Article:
4. The system of claim 1, wherein the applying comprises receiving an indication that the first user and the second user have indicated their presence at a common location based on respective location indications.
5. The system of claim 1, wherein the applying comprises receiving an indication that the first user is physically at a location and another indication that the second user is browsing a website associated with the location.
6. The system of claim 1, wherein the applying comprises determining the first user is browsing a website on a first device and the second user is browsing the website on a second device.
7. The system of claim 6, further comprising receiving an authorization from the first user and another authorization from the second user during a threshold time period.
8. The system of claim 1, further comprising revoking the third transaction value limit based on another determination that the first user or the second user is no longer performing the joint transaction.
9. The system of claim 1, wherein the third transaction value limit is valued at more than an aggregate of the first transaction value limit and the second transaction value limit.
10. The system of claim 1, wherein the third transaction value limit is valued at less than an aggregate of the first transaction value limit and the second transaction value limit.
11. The system of claim 1, further comprising downloading a transaction application on a first device of the first user and a second device of the second user.
12. A method, comprising:
determining, by a system comprising a processor, a group comprising a first set of data indicative of a first user and a second set of data indicative of a second user, wherein the group is authorized to conduct joint transactions with at least one entity;
determining, by the system, a first individual transaction value limit for the first user, a second individual transaction value limit for the second user, and a joint transaction value limit for the joint transactions, wherein the first individual transaction value limit and the second individual transaction value limit are default transaction value limits for the first user and the second user;
determining, by the system, the first user and the second user are in a condition to perform a joint transaction;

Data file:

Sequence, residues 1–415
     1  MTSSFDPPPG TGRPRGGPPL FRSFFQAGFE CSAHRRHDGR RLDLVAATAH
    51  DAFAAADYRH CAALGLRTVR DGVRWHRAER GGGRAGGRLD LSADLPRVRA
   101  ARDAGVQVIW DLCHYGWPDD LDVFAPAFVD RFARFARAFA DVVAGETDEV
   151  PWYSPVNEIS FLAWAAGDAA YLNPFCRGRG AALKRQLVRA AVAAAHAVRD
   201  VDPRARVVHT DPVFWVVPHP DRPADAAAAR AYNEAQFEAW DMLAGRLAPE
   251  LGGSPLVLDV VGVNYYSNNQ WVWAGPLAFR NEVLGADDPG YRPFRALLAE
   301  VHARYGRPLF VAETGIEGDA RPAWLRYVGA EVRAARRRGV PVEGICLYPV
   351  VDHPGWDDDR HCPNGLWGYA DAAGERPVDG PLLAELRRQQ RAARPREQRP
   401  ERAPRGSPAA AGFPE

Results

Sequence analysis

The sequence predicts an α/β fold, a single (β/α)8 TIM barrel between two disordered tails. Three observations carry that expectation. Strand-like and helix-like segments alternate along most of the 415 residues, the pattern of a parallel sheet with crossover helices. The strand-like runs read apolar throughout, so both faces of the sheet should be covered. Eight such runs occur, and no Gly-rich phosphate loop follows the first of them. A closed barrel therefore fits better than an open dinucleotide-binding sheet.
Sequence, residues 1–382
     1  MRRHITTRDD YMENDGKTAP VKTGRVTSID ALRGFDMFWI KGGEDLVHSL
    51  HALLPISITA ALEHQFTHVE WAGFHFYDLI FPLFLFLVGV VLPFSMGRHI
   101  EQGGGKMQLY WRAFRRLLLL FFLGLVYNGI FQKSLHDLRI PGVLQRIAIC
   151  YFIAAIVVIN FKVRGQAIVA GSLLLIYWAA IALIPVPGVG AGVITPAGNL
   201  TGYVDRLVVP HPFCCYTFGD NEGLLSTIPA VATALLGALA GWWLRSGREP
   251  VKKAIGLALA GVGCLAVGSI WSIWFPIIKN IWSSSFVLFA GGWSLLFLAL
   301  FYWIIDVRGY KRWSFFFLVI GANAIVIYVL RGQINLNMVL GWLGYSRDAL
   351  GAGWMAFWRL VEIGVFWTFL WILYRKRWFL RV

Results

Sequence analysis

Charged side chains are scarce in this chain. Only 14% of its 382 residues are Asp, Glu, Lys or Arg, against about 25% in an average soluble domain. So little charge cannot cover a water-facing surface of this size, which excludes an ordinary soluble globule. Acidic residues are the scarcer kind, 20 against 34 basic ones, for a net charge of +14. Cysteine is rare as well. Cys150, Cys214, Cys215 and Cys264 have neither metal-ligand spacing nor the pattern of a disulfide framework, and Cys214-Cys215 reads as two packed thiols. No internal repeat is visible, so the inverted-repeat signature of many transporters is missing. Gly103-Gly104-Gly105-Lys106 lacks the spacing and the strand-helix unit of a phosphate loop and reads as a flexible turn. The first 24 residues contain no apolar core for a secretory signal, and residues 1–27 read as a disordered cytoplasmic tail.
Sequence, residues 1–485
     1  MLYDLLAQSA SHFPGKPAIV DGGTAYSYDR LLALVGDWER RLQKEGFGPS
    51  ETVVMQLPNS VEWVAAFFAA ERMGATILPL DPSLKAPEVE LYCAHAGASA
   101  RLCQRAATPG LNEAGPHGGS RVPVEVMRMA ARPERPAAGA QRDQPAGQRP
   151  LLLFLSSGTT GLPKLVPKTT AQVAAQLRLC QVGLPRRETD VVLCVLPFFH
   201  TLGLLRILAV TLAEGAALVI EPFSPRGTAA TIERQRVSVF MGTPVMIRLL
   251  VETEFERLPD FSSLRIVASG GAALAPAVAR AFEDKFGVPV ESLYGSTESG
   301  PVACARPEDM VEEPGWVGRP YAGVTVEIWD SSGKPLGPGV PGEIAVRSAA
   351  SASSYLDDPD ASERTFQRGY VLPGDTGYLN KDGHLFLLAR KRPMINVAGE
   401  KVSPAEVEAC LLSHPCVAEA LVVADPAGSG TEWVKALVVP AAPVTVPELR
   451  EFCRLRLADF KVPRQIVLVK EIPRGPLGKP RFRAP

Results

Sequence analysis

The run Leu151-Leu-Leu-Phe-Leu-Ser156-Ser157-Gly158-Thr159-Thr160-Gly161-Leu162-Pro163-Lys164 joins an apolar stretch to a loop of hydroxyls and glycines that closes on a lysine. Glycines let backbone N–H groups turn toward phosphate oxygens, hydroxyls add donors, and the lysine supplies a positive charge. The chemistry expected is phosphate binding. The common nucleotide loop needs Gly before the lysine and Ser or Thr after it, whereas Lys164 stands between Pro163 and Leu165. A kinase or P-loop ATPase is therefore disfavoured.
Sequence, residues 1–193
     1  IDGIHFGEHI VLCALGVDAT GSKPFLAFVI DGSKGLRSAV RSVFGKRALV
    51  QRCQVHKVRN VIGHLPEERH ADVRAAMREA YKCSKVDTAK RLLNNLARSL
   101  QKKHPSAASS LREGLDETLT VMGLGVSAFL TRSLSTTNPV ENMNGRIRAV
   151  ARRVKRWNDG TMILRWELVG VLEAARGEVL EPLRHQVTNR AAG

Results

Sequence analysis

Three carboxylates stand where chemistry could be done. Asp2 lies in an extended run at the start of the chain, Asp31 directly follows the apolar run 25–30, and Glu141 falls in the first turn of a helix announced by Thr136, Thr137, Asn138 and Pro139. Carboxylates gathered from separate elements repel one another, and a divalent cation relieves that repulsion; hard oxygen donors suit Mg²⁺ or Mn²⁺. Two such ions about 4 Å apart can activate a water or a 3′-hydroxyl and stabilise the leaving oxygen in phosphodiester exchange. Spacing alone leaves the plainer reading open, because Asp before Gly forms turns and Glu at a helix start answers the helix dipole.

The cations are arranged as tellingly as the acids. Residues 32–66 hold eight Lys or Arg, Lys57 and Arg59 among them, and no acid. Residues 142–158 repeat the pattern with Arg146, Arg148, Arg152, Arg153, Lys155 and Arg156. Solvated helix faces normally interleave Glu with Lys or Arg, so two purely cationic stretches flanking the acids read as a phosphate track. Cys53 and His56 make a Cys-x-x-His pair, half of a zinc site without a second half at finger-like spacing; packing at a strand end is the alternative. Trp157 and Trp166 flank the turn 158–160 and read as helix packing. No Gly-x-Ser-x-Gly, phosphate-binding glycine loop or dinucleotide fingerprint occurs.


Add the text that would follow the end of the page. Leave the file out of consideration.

applying, by the system, the joint transaction value limit to an account associated with the first user and the second user; and
performing, by the system, at least one of:
determining completion of the joint transaction, and
reducing an amount of the joint transaction value limit by an amount of the joint transaction; or
determining the first user and the second user are no longer in the condition to perform the joint transaction or a transaction time interval has expired, and
applying the first individual transaction value limit to transactions of the first user and the second individual transaction value limit to transactions of the second user.
13. The method of claim 12, the determining the first user and the second user are in the condition to perform the joint transaction comprises receiving a first indication that the first user is at a first location and a second indication that the second user is at a second location, wherein the first location and the second location represent a location common to both the first user and the second user.
14. The method of claim 13, wherein the first user and the second user are physically located at the location common to both the first user and the second user.
15. The method of claim 12, the determining the first user and the second user are in the condition to perform the joint transaction comprises:
receiving a first indication that the first user is physically at a first location; and
receiving a second indication that the second user is browsing a website associated with the first location.
16. The method of claim 12, the determining the first user and the second user are in the condition to perform the joint transaction comprises:
receiving a first indication that the first user is browsing a website on a first device; and
receiving a second indication that the second user is browsing the website on a second device.
17. The method of claim 16, further comprising receiving an authorization from the first user and another authorization from the second user during a threshold time period.